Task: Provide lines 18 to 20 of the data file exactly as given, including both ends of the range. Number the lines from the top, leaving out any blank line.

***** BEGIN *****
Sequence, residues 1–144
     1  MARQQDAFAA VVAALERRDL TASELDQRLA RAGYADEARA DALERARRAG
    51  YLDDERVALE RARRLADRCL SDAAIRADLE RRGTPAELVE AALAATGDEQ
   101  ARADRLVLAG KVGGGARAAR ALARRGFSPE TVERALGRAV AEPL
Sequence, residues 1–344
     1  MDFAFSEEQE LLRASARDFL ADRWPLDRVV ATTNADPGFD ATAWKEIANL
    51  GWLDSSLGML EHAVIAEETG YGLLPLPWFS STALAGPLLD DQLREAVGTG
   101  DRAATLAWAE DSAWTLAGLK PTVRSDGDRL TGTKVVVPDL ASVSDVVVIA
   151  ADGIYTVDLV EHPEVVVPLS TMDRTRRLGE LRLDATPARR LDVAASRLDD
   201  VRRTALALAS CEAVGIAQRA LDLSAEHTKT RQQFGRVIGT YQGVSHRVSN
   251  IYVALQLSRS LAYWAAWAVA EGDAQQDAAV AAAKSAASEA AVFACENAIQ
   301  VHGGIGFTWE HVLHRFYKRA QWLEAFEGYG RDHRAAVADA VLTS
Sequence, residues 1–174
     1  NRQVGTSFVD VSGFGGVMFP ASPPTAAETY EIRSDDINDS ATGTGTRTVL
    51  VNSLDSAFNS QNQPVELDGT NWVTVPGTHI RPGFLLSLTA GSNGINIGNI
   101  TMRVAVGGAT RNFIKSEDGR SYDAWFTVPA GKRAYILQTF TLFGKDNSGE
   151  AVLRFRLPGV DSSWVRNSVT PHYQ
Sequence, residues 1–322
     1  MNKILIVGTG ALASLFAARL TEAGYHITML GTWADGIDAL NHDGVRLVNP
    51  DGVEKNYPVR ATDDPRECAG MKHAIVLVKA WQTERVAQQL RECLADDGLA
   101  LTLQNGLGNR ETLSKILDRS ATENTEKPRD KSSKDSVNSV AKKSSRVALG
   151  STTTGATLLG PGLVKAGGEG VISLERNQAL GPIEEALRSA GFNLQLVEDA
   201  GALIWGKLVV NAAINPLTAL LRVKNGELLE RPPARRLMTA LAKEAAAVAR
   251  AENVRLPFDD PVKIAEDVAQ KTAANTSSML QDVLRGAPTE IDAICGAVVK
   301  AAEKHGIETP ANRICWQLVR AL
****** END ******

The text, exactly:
Sequence, residues 1–322
     1  MNKILIVGTG ALASLFAARL TEAGYHITML GTWADGIDAL NHDGVRLVNP
    51  DGVEKNYPVR ATDDPRECAG MKHAIVLVKA WQTERVAQQL RECLADDGLA